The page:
Monday, July 17, 2006

Law and Politics in California Prisons

There is no time like the present to be studying the interaction of courts and state government in shaping California prison policy. Case in point is the remarkable statements by John Hagar, the Special Master appointed by Judge Thelton Henderson to 0versee a broad set of prison reforms in California prisons. In a unique "Draft Report" filed on June 20, 2006 and in a hearing on July 12th, Hagar accused the sitting Governor and his political aids of entering a pre-election conspiracy with the politically powerful California Correctional Peace Officers Association (CCPOA). Hagar began by praising the Schwarznegger administration during its first 24 months for "one of the most productive periods of prison reform in California history." Indeed, after his recall victory in 2003, Schwarznegger moved rapidy to settle a number of law suits against the prison system, conceding major constitutional violations, and called for a reinvigorated committment to rehabilitation in California prisons (going so far as to rename the agency.

Since the Governor's defeat in last year's ballot refenda battle and his hiring of former Gray Davis aid Susan Kennedy, reform has been effectively stalled. A weakened Schwarznegger still espouses reform, but Hagar charges the Governor is now in a deferential posture toward the powerful CCPOA. According to Hagar union representatives have met directly with Kennedy to negotiate about prison management issues, effectively cutting the top management of the Youth and Adult Correctional Agency and the California Department of Corrections.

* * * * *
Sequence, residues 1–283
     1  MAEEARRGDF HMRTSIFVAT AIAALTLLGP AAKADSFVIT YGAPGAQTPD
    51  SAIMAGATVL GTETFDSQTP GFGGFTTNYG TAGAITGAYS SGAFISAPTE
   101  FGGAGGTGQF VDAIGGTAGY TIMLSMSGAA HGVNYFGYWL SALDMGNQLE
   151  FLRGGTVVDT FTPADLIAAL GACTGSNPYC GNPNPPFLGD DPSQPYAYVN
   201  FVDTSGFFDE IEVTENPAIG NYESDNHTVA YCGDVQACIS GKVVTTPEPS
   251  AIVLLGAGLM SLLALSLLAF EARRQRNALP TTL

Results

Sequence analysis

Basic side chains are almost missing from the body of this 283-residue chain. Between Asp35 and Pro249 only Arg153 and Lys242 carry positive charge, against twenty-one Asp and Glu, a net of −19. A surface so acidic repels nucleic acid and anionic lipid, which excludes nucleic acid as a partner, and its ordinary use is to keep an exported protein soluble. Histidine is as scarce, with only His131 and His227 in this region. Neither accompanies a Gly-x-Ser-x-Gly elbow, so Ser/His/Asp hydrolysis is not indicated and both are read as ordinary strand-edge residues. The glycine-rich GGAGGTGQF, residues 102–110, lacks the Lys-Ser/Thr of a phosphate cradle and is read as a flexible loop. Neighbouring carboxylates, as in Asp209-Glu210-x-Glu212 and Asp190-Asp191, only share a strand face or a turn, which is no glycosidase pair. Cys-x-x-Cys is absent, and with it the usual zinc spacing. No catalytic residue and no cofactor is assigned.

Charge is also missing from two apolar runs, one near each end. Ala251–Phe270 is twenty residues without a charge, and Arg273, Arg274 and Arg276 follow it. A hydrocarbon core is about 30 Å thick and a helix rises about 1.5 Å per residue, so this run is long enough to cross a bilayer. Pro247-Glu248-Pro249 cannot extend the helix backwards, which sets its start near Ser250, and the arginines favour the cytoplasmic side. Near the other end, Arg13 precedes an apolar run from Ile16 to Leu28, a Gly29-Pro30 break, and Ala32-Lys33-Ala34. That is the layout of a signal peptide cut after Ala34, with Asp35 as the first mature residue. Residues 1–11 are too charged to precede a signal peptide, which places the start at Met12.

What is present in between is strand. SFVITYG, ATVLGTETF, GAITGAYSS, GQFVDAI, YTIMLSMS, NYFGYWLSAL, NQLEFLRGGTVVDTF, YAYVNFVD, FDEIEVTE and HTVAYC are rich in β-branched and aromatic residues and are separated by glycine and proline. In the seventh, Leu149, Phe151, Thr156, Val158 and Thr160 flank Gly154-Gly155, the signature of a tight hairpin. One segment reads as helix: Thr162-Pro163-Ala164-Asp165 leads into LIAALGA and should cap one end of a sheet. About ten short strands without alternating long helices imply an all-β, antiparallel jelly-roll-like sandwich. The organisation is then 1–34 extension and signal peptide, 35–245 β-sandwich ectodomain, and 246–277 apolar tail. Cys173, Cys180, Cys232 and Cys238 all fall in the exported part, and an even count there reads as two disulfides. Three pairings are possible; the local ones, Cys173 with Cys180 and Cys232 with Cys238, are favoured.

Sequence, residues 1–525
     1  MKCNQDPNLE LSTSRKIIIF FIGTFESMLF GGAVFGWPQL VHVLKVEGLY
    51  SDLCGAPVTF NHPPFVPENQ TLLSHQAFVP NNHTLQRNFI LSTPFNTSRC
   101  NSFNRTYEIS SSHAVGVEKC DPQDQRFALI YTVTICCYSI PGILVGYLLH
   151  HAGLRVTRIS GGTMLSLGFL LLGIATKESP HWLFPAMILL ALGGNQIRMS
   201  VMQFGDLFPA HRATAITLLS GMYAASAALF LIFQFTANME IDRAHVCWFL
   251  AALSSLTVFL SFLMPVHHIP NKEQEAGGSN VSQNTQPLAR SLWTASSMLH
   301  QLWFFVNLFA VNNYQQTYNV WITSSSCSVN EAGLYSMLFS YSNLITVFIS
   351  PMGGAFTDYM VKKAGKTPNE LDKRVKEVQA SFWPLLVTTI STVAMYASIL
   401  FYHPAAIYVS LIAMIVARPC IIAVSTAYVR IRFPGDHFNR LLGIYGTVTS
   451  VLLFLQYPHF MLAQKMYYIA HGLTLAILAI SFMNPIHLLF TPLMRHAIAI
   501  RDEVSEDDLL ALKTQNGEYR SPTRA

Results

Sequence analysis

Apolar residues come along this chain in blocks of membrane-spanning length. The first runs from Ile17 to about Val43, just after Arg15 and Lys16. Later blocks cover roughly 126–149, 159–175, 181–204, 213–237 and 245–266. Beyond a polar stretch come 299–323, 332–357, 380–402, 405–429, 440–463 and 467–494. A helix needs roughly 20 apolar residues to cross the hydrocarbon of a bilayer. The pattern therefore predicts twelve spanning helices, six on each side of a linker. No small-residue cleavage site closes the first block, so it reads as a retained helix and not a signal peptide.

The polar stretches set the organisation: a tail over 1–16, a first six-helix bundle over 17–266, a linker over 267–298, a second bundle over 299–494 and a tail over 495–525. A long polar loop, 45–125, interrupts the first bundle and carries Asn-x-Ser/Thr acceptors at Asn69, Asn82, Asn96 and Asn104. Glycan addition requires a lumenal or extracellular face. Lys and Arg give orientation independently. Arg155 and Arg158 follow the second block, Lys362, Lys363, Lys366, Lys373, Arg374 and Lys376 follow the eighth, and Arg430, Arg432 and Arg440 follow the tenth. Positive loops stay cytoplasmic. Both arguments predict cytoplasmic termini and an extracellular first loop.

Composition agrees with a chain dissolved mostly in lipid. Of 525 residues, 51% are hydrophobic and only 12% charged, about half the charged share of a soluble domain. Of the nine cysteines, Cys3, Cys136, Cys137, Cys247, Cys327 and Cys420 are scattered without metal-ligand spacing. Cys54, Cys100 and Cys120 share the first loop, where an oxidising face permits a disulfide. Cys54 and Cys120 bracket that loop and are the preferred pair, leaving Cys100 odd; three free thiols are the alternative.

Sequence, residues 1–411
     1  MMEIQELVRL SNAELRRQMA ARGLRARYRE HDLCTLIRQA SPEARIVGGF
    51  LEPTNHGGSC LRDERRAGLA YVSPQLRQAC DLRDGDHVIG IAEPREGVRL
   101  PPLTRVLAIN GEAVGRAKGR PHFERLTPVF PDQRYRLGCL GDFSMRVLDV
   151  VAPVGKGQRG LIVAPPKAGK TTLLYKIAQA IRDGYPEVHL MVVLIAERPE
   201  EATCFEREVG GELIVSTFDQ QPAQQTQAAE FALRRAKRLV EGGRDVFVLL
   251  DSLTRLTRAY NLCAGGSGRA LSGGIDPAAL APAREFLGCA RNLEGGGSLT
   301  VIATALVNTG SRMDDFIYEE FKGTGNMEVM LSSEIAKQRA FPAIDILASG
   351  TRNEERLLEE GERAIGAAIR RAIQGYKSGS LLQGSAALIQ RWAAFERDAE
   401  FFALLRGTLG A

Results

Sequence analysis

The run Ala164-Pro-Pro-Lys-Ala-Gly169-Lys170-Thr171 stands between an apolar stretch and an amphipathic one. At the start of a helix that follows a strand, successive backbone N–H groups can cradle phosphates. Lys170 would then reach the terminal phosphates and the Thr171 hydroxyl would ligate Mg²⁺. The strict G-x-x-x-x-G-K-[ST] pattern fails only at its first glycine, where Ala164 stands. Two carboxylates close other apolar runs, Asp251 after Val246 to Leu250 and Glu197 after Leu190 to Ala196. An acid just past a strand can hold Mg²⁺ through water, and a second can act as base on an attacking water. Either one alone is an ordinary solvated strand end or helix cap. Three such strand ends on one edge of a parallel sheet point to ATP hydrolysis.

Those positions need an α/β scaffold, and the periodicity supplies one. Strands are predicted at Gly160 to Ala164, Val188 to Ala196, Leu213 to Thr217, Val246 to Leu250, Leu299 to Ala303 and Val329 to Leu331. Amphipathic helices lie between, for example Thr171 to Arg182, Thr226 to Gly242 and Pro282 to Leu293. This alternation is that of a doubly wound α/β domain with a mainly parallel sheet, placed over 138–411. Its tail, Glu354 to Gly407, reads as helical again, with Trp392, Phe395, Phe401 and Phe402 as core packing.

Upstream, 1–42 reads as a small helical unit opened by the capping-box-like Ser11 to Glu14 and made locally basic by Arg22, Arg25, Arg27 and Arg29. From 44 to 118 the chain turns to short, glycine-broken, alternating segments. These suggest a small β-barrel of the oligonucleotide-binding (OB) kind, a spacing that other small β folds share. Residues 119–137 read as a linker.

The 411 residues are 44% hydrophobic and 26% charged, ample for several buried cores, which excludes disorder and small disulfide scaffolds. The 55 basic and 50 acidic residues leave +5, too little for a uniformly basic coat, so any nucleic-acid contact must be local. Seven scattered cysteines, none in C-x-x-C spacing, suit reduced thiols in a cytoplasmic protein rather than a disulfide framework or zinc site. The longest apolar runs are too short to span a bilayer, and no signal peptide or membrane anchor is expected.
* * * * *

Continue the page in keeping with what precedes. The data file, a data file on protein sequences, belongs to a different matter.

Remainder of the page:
The acccusations, denied by Kennedy and other Schwarznegger officials, may shed light on the rapid fire resignations earlier this spring of two major reform administrators. Secretary of the Youth and Adult Correctional Agency, Rod Hickman, and his replacement, former Director of Corrections Jeanne Woodford. Both resigned indicating frustration at the pace of reform.

Fascinatingly, this is not just about heated rhetoric. The Special Master seems likely to refer several former California Correctional officials for federal criminal charges relating to the mistreatment of a whiste blower who reported inmate abuse at California's notorious Pelican Bay prison.

Jennifer Warren's reporting in the LA Times.

Mike Martin's reporting in the SF Chronicle on the June draft report

Saturday, July 15, 2006

The Limits of Coercive Power

Your jurisprude was recently rereading the classic study of coercive power under law, William K. Muir's Police: Streetcorner Politicians (Chicago 1977). After noting that policing is essentially about coercive power, Muir says this about the limits of coercive power.

"The truly dispossesed --- those who have nothing to lose, the life prisoner in solitary, the deadbeat, the bankrupt, and the visionary whose life is worth less than his martyrdom --- are not vulnerable to extortionate power. ... Let us call this curious freedom from coercive threats the paradox of dispossession. The less one has, the less one has to lose." (Muir 1977, 38-9)

Does anyone think it would be worth sending a copy to Israeli Prime Minister Ehud Olmert? It seems obvious to this observer (one with great compassion personally for both sides) that one could easily add Hamas and much of Gaza to Muir's litany of the dispossessed without any stretch. But this puts Israel at the heart of Muir's paradox. If they want a purely military victory they can attain that by driving the population off the land altogether or killing them, but if they want a police victory, if they want to be able to govern rather than eliminate Palestinian society (or even allow anyone else to do so) they are already operating at the limits of their ability to coerce.